Atwood's storytelling style is pretty unique - I've not read her before and the tone of the book took some getting used to. She writes a lot of short, declarative sentences. The voice of Offred is intended to sound like the character herself recounting the events that happened to her. The story unfolds through a combination of Offred's description of events serving as Fred's handmaiden and recollections of her life in the time before. In general, I liked the way the story was told.
I didn't really like the appendix to the book. Essentially, some resolution is granted by our reading the transcript of an academic conference presentation about 100 years after Offred's experience. The idea is scholars have uncovered the story we've just been reading recorded on a series of audio tapes in the handmaiden's own words. I did think the tone of the conference was hilarious and unfortunately true to life based on my own experience listening to pompous speakers presenting their revolutionary ideas. But, as a storytelling element I thought it contrived and cheesy.
A lot of the ideas in the book resonated with me. The eery comments about a corrupt regime blaming various political events on Islam. The scary nature of the religious right and how sick and twisted a society could become without the separation of church and state. Maybe the tenuous nature of wome's rights - that is that they are granted by men, some of whom would rather do away with him. And, especially the reduction of a woman to the function of her uterus.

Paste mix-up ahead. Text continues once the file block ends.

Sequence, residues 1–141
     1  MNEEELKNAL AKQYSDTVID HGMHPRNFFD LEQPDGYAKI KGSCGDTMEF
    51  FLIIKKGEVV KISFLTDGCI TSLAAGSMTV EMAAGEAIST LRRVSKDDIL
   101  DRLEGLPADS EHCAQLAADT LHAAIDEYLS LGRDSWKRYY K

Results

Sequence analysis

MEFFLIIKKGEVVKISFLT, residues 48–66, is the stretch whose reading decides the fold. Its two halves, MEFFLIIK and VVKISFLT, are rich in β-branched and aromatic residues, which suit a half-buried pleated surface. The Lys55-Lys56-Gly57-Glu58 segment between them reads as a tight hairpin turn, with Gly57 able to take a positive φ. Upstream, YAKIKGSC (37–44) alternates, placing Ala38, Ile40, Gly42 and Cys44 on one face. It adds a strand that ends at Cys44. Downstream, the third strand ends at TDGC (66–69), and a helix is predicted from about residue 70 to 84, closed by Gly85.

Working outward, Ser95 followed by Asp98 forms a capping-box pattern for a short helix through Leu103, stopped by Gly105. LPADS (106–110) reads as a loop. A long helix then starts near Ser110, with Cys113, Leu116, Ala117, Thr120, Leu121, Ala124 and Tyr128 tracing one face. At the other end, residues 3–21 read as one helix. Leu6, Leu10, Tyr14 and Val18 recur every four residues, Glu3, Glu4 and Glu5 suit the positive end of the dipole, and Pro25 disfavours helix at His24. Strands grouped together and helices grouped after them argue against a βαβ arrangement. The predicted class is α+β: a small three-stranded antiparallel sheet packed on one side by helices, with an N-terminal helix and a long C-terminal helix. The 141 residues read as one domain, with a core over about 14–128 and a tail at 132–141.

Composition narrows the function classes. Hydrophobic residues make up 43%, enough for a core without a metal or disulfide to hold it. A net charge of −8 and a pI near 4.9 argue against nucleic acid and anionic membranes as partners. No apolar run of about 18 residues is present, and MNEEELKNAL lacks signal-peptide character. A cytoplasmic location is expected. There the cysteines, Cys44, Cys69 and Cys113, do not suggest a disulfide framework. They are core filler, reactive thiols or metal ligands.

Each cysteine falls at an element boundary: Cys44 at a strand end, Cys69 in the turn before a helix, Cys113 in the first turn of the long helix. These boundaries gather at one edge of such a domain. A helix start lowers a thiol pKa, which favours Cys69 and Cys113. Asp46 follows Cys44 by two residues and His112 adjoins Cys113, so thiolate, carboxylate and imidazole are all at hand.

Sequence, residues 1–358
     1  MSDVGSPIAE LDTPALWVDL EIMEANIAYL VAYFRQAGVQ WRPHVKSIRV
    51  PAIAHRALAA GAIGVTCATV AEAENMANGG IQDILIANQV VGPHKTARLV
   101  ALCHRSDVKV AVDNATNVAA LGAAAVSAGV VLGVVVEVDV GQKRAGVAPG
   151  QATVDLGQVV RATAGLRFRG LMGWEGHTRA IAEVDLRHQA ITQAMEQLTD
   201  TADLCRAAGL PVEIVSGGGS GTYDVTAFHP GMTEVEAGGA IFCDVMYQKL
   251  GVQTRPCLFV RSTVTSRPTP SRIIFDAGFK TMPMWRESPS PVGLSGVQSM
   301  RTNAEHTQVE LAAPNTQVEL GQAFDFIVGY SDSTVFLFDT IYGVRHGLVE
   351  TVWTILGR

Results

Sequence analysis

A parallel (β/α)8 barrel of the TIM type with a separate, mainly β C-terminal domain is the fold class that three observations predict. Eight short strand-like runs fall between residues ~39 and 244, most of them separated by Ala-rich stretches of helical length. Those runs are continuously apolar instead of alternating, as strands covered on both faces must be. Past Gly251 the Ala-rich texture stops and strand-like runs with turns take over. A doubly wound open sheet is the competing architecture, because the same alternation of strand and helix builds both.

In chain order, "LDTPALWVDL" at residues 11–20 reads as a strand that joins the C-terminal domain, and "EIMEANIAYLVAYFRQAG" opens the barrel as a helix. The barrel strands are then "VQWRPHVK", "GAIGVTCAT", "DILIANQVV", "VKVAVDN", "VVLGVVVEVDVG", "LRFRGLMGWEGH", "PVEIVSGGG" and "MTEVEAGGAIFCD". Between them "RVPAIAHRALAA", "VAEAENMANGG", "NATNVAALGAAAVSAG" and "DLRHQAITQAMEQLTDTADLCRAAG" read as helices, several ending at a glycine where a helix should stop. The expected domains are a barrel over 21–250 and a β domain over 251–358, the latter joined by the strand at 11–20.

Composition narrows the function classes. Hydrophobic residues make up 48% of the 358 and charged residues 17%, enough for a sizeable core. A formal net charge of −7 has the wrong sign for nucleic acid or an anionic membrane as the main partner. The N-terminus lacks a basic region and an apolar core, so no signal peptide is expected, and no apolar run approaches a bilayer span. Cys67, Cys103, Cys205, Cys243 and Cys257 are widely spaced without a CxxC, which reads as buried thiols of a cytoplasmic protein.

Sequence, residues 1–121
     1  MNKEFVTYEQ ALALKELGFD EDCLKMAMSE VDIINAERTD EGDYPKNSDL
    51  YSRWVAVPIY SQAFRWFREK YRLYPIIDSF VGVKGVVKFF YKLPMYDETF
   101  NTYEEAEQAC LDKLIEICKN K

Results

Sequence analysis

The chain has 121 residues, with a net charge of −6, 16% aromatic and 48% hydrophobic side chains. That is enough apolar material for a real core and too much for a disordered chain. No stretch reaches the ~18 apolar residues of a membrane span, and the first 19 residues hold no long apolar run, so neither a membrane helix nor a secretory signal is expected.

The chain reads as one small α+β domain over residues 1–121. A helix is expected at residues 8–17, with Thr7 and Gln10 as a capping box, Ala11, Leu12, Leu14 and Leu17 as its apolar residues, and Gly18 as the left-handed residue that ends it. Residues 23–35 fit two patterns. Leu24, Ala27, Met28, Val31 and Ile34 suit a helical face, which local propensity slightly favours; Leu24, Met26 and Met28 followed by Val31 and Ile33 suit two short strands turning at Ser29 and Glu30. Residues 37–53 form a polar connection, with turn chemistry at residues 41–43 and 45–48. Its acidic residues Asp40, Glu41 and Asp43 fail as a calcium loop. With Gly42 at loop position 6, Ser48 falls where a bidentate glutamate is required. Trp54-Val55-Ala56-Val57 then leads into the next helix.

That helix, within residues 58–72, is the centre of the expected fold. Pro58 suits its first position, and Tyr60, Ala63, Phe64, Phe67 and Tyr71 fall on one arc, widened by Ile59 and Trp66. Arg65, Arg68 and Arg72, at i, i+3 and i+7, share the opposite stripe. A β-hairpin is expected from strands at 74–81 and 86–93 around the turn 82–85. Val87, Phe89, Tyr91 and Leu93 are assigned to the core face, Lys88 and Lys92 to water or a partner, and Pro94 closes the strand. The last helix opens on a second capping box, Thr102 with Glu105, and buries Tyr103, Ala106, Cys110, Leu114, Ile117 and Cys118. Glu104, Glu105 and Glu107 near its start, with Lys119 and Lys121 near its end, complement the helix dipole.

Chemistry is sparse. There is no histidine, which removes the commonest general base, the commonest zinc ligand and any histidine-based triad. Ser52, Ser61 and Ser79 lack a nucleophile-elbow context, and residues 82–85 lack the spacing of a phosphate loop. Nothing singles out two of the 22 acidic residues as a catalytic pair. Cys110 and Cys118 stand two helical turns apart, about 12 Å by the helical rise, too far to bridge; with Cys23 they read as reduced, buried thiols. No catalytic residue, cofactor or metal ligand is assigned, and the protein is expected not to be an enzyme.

The book also made me wonder what would have happened to me in this society. An "unwoman" to be sure. Some dreadul life cleaning up toxic waste in the colonies. Though we don't ship woman off who can't have kids, I think there is an undercurrent of "wrongness" about women who can't or don't reproduce - whether out of choice or because they have fertility issues. I've heard people say that you aren't a woman until you're a mom. That people without children are irredeemably selfish. Lots of crap.
Thursday, January 4, 2007
It was hard to read. It is a riveting first person account of the author's first year of widowhood. I use that word explicit;y because there's a part of the book where she talks about the word "widow", and it stuck in my head.
Anyway, her writing style is almost one of stream of consciousness - only that consciousness is very skilled at telling it's story. What I really mean is that it's so intensely personal that you feel like you're in her head. But it's also beautifully crafted.
It's really just a book you have to experience. There's no real plot - just the discussion of her reaction to the unexpected loss of her husband and how that changed her world. This book madde me v. thankful for my life as it currently is and v. afraid of how it could so easily be different.